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News Article

Cooperative Societies Key to Mexico’s Economic Drive

By Alessa Flores | Mon, 09/14/2020 - 12:48

Last week, Carolina García Aguilar, Secretary of the Commission of Social Economy and Promotion of Cooperativism of the Chamber of Deputies proposed to adopt a cooperative model similar to developed countries to support Mexico’s economic reactivation. "Cooperativism will be the initiative that will protect our national economy, our national security and Mexican workers' protection and economic security," García explained in a note from El Economista.

According to CONCAMEX and the General Law of the Cooperative Society, a cooperative society is a form of social organization integrated by physical persons united by common interests and principles of solidarity, self-effort and mutual assistance with the aim of satisfying individual and collective needs through the accomplishment of production, distribution and consumption activities. The law describes three types of cooperative societies: consumers of goods and/or services, producers of goods and/or services and savings and loans. 

Cooperative ventures are not a new concept in Mexico. They were formalized in 1927 with the issuance of the First General Law of Cooperative Societies, although progress in the matter was clearer over the past decade with the approval of the Cooperative Savings and Loan Societies Activities Act in 2009.

According to Real Estate Market, one of the oldest social cooperatives with strong participation in the infrastructure sector is Cooperativa La Cruz Azul. besides Dedicated to the production of Portland cement, it has a unique model of productivity, sustainability and social responsibility. In 2011, the cement company inaugurated Mexico's first combustion chamber and the fifth in its type called Combustor Hot Disc with an investment of US$14 million for environmentally friendly waste disposal. Another recognized cooperative venture is Sociedad Cooperativa Trabajadores de Pascual, a firm that has been in Mexico's soft drink industry for over half a century. As of today, the company has 4,559 employees, two manufacturing plants, nine brands and 30 branches. One Sociedad Cooperativa Trabajadores de Pascual’s main actions in Guadalajara is the annual recycling campaign for the processing and reincorporation of various materials into the value chain.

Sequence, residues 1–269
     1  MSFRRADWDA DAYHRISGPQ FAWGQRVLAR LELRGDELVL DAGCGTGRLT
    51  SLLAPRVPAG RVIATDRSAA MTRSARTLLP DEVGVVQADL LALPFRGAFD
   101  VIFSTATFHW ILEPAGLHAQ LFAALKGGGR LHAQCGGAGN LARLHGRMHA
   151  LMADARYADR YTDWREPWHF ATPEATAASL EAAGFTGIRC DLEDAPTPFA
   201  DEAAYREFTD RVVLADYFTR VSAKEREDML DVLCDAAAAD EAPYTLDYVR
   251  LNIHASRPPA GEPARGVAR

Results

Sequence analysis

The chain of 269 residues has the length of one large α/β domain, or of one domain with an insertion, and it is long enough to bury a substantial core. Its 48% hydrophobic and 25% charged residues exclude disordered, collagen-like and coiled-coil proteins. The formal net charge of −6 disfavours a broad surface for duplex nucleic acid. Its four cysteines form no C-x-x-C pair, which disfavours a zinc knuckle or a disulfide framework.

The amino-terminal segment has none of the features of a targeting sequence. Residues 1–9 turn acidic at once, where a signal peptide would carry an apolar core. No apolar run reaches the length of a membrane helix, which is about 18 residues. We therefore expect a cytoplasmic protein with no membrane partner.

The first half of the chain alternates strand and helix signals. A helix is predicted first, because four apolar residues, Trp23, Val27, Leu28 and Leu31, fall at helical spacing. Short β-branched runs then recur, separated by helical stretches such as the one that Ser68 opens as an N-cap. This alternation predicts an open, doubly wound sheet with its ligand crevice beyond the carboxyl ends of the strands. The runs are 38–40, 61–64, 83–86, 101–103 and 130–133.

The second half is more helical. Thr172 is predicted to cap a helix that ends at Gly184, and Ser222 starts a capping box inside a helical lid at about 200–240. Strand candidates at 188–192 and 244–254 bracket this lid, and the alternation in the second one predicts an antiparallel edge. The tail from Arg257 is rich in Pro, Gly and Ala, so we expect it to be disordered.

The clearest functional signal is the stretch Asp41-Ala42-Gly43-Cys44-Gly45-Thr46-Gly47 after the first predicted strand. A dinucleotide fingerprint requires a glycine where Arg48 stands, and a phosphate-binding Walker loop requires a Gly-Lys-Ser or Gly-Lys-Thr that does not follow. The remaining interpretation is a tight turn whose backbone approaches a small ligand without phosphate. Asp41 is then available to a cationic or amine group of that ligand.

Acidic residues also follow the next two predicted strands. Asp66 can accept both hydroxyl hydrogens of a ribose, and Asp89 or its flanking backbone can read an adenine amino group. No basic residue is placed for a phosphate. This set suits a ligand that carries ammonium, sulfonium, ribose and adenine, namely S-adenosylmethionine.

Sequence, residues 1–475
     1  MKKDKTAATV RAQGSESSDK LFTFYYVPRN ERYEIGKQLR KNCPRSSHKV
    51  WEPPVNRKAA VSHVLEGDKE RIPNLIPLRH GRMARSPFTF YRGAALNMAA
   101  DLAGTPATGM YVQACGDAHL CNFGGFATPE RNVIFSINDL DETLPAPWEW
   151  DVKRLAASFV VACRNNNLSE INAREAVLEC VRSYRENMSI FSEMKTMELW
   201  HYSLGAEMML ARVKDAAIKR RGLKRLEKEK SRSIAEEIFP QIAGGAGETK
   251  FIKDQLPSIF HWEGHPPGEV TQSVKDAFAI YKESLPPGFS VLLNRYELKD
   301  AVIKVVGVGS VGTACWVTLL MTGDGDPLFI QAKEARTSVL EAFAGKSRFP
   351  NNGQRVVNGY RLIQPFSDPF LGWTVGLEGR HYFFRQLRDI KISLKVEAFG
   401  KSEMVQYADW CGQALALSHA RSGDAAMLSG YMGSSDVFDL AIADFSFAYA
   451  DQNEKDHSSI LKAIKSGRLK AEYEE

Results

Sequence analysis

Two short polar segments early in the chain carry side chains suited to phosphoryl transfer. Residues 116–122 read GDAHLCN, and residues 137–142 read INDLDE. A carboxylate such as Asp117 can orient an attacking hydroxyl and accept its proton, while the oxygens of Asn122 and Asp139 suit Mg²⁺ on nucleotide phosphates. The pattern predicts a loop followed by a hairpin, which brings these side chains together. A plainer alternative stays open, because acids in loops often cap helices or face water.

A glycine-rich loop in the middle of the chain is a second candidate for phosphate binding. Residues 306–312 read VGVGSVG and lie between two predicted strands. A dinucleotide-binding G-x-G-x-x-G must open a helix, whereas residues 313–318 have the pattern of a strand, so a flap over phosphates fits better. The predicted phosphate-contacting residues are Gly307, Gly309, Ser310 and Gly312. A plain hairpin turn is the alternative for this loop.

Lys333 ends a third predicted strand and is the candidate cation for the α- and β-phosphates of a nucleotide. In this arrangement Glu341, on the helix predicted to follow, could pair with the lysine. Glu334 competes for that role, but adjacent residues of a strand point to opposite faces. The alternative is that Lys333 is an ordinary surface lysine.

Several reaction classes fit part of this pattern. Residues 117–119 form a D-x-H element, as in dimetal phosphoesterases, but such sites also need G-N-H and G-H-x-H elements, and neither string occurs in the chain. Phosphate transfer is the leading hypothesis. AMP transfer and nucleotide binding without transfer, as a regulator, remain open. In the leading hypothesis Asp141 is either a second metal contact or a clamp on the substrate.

Globally, the International Cooperative Alliance estimates that there are approximately 3 million cooperative societies generating US$2.035 billion per year, plus more than 10 percent of the world's employment. In Mexico alone, it is estimated that more than 600 authorized and unauthorized cooperatives operate in the country, according to CONCAMEX figures.

Today, New Zealand's Minister of Economic Development, Simon Bridges, explained in the Cooperative Business New Zealand reunion that cooperatives in New Zealand are highly recognized for their benefits to society, as these contribute with more than 20 percent of the country's GDP. The benefit is reflected in the population. This is because of the difference between a company and a cooperative, which lies in the organization's ownership. While shareholders are the owners of a company, all workers are owners of a cooperative society, Bridges explained. These ventures stand out for having a "business model based on values and ethical principles through self-help and empowerment, reinvesting in their communities and caring for people's well-being with a long-term vision of sustainable economic growth, social development and environmental responsibility," the International Cooperative Alliance explains.

In particular, infrastructure cooperatives are linked to the well-being and development of individuals and their communities. Housing and construction cooperatives are known for creating jobs and providing affordable housing, as well as creating and enabling a dignified environment for people through the introduction of services such as roads, water, education and more, according to the International Labor Organization. Deputy García Aguilar explained that Mexico's drive to create more cooperatives could be key to economic reactivation and mitigating the impacts of the COVID-19 crisis.

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Alessa Flores Alessa Flores Senior Journalist and Industry Analyst